Weather Channel vs. Dish Network: Storm Warning for Viewers
by Gary Susman, posted May 25th 2010 2:00PM
Last week's dispute between the Weather Channel and Dish Network seems to have been resolved, with the Weather Channel getting most of what it wanted from the satellite service provider.
But the underlying issues -- whether the Weather Channel's new entertainment programming is doing a dangerous disservice to viewers when major storms loom, and the increasing pressure from cable channels for greater fee concessions from service providers -- are far from resolved and are only going to get worse in the months ahead.
Viewers at home should brace themselves for rough winds.
Some 14 million Dish subscribers nearly lost the Weather Channel last week when Dish threatened to drop the channel from its lineup. The stated reason: the channel's switch from its all-forecasts-all-the-time format to showing Friday night movies (some clearly weather-themed, like 'The Perfect Storm' or 'The Avengers,' some only tangentially weather-related, like 'Misery,' which opens with a blizzard).
Dish -- and some viewers -- argued that the channel was no longer providing a needed service, and Dish even threatened to create its own competing weather channel and add it to the lineup.
But the conflict was also about money, reports the Los Angeles Times, with the Weather Channel seeking an extra penny per month per subscriber in carriage fees, according to industry analyst firm SNL Kagan. That adds up to about $1.7 million per year, which Dish will presumably pass on to its customers. The demand for increased fees -- and the corresponding threat that the channel would go dark -- is a scenario that has already recurred several times this year between other channels and other cable operators, and is one that is likely to keep happening, with subscribers ultimately paying the price in the form of a bigger cable or satellite bill.
According to the New York Times, Dish Network wasn't the only source of complaints about the channel's entertainment programming; so had some viewers, and so had the network's star anchor, Jim Cantore. When viewer Patricia Vollmer voiced her anger via Twitter about the airing of a movie on April 23 instead of breaking storm news, Cantore tweeted back, "You're not alone."
The channel told the New York Times that its policy is to interrupt the movie with breaking severe weather coverage, but it doesn't necessarily follow that policy always. On April 30, during a tornado outbreak, Cantore told his Twitter followers that the movie would be canceled, but later, he apologized to viewers, tweeting that management had misled him by telling him "we were bagging the 'movie' to do what this network was created for." The Times reports that the channel did air an alternate live feed in areas directly affected.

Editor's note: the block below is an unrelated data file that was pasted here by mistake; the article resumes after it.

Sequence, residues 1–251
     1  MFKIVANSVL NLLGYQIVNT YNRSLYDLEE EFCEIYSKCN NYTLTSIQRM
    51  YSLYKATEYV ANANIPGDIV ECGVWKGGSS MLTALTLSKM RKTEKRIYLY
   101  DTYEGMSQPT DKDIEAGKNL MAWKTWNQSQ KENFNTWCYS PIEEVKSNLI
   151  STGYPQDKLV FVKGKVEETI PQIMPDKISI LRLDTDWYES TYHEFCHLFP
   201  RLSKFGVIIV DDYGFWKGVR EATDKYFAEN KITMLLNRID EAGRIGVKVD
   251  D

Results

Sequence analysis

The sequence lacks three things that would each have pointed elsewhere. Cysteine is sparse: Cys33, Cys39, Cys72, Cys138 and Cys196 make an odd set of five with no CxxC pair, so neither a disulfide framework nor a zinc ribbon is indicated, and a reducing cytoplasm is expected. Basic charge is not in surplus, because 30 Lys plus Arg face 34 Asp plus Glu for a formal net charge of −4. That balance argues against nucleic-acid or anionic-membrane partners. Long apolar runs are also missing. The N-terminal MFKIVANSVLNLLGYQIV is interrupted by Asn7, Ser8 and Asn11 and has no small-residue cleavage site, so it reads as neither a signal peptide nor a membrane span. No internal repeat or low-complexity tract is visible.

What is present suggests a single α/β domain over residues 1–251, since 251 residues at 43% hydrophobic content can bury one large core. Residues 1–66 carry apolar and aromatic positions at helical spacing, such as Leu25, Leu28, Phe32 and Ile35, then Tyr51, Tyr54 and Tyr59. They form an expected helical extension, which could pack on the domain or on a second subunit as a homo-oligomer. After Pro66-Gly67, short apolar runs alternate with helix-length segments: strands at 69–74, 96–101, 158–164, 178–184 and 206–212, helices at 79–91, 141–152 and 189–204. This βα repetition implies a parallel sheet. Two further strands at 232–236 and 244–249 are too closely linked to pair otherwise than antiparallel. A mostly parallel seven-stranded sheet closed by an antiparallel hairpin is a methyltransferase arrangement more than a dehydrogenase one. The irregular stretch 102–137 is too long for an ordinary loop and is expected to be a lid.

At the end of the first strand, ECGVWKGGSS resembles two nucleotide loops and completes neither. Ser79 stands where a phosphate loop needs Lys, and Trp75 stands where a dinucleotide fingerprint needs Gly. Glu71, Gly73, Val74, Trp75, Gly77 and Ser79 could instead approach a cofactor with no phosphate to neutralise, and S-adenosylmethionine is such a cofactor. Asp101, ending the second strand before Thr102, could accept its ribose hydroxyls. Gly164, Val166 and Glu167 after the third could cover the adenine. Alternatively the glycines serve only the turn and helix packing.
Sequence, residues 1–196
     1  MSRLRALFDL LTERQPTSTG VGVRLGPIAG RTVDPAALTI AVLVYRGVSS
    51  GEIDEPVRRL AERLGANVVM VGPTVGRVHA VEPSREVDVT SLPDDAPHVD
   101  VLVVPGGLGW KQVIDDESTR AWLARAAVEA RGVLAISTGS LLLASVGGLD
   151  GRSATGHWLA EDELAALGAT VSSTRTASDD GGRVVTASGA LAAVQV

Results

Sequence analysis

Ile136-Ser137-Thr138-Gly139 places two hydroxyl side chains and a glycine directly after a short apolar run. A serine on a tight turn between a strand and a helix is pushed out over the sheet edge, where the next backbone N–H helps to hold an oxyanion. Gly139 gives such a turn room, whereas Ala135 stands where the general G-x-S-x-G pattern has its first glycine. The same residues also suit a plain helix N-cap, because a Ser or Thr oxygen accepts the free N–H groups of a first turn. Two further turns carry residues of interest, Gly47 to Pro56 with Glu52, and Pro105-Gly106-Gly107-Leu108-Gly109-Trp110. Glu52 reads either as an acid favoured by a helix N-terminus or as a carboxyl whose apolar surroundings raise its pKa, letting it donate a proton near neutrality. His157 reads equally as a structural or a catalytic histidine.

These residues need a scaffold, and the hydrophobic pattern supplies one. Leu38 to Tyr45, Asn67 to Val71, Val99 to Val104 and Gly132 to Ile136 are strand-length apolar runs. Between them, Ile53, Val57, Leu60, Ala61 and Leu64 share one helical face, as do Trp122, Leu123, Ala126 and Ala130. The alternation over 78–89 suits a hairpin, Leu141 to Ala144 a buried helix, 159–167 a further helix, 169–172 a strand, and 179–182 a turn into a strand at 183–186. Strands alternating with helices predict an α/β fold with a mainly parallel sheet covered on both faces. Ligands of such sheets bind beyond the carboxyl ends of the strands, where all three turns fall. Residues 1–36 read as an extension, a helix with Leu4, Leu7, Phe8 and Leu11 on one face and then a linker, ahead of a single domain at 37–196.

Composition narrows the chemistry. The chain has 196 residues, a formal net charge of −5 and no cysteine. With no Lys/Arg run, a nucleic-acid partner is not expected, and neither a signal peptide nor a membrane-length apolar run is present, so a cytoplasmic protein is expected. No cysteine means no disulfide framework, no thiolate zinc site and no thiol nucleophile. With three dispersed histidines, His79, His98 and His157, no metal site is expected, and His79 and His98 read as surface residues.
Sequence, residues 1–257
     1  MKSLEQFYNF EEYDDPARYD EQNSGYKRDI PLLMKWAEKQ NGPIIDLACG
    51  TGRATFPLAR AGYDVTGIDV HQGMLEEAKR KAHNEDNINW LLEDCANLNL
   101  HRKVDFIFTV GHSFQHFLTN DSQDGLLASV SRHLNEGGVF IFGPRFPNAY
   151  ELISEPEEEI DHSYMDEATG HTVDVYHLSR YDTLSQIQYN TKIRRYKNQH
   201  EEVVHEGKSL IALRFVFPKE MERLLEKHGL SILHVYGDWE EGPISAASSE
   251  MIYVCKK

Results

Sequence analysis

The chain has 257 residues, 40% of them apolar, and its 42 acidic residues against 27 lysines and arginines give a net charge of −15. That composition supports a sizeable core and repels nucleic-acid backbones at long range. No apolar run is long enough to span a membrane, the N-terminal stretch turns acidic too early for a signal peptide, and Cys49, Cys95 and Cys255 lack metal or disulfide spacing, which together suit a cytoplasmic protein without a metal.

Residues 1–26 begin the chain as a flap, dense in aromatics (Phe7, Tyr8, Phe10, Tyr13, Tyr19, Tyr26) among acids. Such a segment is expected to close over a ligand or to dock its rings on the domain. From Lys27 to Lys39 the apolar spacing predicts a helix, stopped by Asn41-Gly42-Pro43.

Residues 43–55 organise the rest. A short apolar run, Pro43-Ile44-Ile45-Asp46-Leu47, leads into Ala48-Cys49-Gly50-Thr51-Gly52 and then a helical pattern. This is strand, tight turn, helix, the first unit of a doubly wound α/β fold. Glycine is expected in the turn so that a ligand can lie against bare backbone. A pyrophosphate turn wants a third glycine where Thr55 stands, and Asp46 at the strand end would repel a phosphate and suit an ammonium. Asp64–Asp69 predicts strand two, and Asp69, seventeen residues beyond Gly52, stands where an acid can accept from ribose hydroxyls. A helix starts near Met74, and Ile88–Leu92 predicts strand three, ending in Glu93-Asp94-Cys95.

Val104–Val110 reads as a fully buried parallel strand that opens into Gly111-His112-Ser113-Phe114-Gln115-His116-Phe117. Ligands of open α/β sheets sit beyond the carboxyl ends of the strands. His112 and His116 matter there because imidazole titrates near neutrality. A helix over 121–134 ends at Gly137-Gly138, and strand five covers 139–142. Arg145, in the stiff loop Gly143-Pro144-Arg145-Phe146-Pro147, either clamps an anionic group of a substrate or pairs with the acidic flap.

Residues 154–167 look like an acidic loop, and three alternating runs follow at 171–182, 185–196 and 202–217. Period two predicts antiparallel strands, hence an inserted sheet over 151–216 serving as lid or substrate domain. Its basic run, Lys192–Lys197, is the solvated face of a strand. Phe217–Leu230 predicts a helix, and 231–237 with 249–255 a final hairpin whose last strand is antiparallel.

The Weather Channel is hardly alone in diluting its brand by adding questionable entertainment programming in order to boost ratings. Cable channels from MTV (the "M" once stood for music, you young'uns) to TLC (once The Learning Channel, now better known as home to the likes of Jon & Kate) to AMC (once upon a time, "American Movie Classics," now just general movies and original drama series like 'Mad Men'), A&E (which once stood for "Arts & Entertainment" but is now largely reality shows) to Bravo (ditto) to the History Channel (what's historical about 'Pawn Stars'?) have been trending that way for years. Still, no viewer's life or property is at risk because Bravo decides to air a 'Real Housewives' marathon instead of 'Inside the Actors Studio.'
So the Weather Channel's movement toward movies over meteorology was the pretext for Dish's threat to yank the channel and replace it with its own weathercast as of last Friday. But the hour came and went, and negotiations continued. In the end, the channel agreed to provide Dish subscribers with a second channel of just local forecasts, but it also got Dish to agree to drop the threat of a rival weather network. Perhaps more important, it got Dish to cough up that extra penny. (Dish subscribers currently pay about 11 cents per month for the channel.)
The settlement marks at least the fourth time in 2010 that a channel has gone dark, or nearly gone dark, because it's been pushing for a higher fee. There was a tussle between the Fox broadcast network and Time Warner Cable at the beginning of the year, one between Cablevision and Scripps that briefly darkened Food Network and HGTV, and one between Cablevision and ABC that was resolved moments before the Oscars, ABC's biggest program of the year, was to air. Terms of those settlements haven't been disclosed, but it seems clear that channels have been emboldened to challenge service providers and demand carriage fee increases. The Weather Channel may be adding just a penny a month to Dish subscribers' bills, but in a 500-channel universe, all those pennies can really add up.
It would be nice if, for the extra cash cable and satellite viewers will likely be paying, we'd get the unique (and sometimes, vitally useful) programming these channels were once known for, instead of just more reality shows and movie reruns.
Check out Jim Cantrone in action during a storm last year.
•Follow Gary Susman on Twitter @garysusman.